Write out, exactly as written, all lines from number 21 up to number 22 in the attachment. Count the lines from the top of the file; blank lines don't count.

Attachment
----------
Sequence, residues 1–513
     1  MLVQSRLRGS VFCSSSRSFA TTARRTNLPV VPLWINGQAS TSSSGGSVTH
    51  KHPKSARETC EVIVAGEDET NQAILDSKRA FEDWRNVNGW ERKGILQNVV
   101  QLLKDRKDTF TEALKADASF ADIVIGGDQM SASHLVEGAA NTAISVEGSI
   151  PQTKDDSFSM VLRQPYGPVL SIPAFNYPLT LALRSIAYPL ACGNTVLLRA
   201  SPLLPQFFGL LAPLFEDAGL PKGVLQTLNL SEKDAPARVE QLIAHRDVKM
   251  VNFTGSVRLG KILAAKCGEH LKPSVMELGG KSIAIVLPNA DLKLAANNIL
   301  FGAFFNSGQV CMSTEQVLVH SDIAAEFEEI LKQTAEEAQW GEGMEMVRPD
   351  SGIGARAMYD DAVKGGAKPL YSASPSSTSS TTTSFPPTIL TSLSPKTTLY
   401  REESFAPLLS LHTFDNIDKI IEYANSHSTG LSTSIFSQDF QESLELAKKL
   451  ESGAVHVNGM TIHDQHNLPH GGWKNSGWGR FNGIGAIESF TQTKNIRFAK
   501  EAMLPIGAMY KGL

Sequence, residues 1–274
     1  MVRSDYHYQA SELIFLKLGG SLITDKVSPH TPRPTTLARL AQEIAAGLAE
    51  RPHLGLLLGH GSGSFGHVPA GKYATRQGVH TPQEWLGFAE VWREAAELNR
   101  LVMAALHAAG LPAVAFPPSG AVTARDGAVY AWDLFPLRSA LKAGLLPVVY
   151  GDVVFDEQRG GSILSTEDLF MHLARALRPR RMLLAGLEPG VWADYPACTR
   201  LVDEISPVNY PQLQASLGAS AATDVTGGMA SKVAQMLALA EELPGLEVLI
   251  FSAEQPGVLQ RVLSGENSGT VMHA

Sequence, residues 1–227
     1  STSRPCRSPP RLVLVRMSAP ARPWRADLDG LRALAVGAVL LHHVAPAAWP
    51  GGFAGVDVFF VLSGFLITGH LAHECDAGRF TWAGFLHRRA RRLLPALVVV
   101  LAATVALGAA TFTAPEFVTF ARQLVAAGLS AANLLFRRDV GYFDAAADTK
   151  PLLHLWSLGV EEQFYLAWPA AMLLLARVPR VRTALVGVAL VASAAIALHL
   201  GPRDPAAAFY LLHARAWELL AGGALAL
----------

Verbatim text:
     1  STSRPCRSPP RLVLVRMSAP ARPWRADLDG LRALAVGAVL LHHVAPAAWP
    51  GGFAGVDVFF VLSGFLITGH LAHECDAGRF TWAGFLHRRA RRLLPALVVV